Street clashes broke out in the departmental capital of Santa Cruz and towns in the surrounding countryside May 4 as regional authorities declared victory in the autonomy vote. Dozens were injured, including one protester hit by a dynamite blast in the town of Montero. Protesters burned ballot boxes in the town of Yapacani. At least one death was reported—an elderly man affected by tear gas fired by police as protesters clashed with autonomy supporters in Plan Tres Mil, a sprawling poor district of Santa Cruz city where voters were attacked with clubs.
Today a new Bolivia is born,” Santa Cruz prefect Ruben Costas told thousands of supporters in the city’s main square where people danced soon after exit polls were broadcast. According to pollster Focaliza, 86% voted for the autonomy proposal and 14% against.
“We do not want the creation of another republic,” lawmaker Carlos Pablo Klinsky (PODEMOS), who helped draft the proposal, told the New York Times. “But we do want control over our own destiny and our own resources.” However, in addition to creating a departmental legislature and police force, and claiming control over land tenure policy and greater share of gas revenues, the measure allows the department’s governor to sign international treaties. It also declares Santa Cruz’s population as “mostly mestizo,” or mixed blood, and requires schools to teach that Santa Cruz is a “melting pot of Bolivians”—an obvious attack on indigenous identity.
In a stern warning on the eve of the vote, Gen. Luis Trigo, the head of Bolivia’s armed forces, called the referendum a threat to national security. President Morales called the vote “illegal” and “unconstitutional,” noting that they were not approved by the National Electoral Court, or monitored by the OAS. He also said that more than 50% of Santa Cruz voters had either boycotted the vote or voted “no”. Saying a declaration of autonomy would be “dictatorial,” he warned departmental leaders that using the vote to justify withholding revenues from the central government “would be the worst mistake they could make.”
However, he also called for talks on autonomy with the nation’s nine departmental prefects. “I hope the prefects can hear me and that together we can guarantee the autonomy of the regions,” he said in a televised speech after polls closed.
Silvestre Saisari, a Quechua indigenous leader and a prominent land-rights advocate in Santa Cruz, warned that the autonomy statute could spark declarations of autonomy by indigenous groups in the department. “The white elite want Balkanization on their own terms, but they should be careful what they wish for,” he told the New York Times. “I might die fighting against their views, but not before taking some of them with me.” (NYT, May 5; AP, Reuters, Informador [Guadalajara, Mexico] May 4; AP, May 3)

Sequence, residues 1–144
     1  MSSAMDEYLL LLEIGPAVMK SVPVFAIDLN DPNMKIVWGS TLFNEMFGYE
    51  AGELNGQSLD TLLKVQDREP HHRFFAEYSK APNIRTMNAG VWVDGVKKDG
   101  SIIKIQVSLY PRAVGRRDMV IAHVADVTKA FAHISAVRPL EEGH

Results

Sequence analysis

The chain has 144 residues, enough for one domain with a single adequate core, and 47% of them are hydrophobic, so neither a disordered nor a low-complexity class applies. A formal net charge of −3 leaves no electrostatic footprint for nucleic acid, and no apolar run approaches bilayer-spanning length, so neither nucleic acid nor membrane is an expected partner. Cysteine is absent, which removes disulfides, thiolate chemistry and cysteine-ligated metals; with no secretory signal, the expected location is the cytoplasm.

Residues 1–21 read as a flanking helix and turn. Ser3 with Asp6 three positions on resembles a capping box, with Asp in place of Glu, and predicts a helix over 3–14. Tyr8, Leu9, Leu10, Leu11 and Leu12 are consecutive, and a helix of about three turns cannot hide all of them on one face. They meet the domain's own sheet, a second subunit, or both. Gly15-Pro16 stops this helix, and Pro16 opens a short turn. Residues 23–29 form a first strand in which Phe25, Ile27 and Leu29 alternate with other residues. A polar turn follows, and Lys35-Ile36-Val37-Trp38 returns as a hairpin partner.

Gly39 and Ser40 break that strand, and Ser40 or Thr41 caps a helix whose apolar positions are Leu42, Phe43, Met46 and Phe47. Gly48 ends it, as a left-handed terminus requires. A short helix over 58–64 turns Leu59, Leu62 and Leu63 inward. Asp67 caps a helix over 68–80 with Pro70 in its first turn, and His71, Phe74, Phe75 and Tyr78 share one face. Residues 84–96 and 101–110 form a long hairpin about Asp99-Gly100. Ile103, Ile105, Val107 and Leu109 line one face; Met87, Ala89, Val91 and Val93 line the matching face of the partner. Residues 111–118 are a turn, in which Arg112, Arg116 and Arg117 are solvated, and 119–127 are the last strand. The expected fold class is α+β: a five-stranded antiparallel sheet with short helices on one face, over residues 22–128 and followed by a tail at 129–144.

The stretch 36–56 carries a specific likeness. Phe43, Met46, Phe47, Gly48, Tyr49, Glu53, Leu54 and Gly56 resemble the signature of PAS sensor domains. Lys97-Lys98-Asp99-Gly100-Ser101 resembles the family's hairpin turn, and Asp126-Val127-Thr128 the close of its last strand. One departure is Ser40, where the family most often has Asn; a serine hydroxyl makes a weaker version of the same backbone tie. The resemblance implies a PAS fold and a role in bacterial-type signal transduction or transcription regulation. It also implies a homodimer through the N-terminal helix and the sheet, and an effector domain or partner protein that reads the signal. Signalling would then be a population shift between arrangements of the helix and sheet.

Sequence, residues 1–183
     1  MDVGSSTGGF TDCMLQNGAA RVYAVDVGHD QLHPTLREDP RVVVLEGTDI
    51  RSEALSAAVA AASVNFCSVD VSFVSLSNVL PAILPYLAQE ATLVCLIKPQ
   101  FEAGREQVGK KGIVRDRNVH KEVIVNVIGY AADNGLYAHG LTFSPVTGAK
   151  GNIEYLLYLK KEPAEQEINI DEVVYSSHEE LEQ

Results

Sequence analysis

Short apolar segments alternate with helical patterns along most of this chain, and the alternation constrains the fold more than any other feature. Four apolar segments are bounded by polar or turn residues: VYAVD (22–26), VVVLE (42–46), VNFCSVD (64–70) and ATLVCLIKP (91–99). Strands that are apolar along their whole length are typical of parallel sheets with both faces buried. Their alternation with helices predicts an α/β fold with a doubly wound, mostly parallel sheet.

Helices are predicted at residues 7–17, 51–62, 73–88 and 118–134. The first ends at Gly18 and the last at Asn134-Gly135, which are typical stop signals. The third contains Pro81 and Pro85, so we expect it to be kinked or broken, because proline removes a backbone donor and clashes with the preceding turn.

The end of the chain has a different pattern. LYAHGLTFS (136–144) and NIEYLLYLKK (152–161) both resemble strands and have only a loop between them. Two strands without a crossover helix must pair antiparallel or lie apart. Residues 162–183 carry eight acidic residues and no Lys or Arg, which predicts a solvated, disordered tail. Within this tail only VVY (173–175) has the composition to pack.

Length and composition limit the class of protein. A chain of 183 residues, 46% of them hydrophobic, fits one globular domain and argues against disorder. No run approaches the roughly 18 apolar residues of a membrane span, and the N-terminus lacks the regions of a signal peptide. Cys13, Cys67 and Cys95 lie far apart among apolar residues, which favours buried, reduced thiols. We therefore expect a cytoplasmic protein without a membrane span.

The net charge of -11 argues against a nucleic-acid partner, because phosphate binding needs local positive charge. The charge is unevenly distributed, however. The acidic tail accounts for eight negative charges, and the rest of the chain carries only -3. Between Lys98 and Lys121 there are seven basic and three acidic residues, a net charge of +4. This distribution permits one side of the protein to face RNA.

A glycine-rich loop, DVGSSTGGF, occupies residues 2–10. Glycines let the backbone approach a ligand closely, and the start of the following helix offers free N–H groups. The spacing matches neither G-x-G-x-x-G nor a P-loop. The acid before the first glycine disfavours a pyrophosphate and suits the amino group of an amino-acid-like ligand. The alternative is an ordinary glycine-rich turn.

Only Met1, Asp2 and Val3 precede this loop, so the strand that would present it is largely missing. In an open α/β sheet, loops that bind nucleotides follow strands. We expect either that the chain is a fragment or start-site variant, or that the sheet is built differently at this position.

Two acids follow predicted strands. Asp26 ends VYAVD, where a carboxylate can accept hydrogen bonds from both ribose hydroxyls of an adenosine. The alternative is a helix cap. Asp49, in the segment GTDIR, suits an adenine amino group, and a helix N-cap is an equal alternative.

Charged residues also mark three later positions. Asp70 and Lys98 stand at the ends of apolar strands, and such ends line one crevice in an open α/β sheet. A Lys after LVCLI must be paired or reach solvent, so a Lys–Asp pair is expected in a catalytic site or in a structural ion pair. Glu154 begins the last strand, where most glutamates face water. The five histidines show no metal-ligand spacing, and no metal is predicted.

As Santa Cruz voted, the Aymara militant group Ponchos Rojos rallied outside the presidential palace in La Paz to demand Morales speed the process of granting autnomy to Bolivia’s indigenous peoples. They also pledged to resist Santa Cruz’s unilateral declaration of autonomy—by arms, if necessary. The Ponchos Rojos militia has offered to assume official military status under Morales, but he declined in the face of opposition from the regular armed forces. He is under pressure from conservatives to have the militia disbanded, and has asked the group to refrain from marching in public with its rifles. (AlJazeera video, May 4)
During the constitutional reform assembly late last year, Ponchos Rojos militants held a press conference where they tortured and beheaded two dogs in Omasuyos province (La Paz department) as a threat to the conservatives of the eastern Half Moon region who seek autonomy. “This is how the dogs of the Half Moon will suffer!” they proclaimed as they garroted and beat the dogs. Rifle-wielding supporters cheered the spectacle. The Minister of Government, Alfredo Rada, rejected this kind of support. “Its not the way to defend a democratic process,” he said. (La Razón, La Paz, Nov. 23)
Eugenio Rojas, mayor of nearby Achacachi and a prominent Poncho Rojo, later apologized for the spectacle. (La Razón, April 1) However, after the Santa Cruz vote he told AlJazeera: “We can circle the city, block the roads and even attack from the inside. But the government asked us to lay low. If the Santa Cruz wants to continue defying us, we will have to act.” (AlJazeera, op cit)
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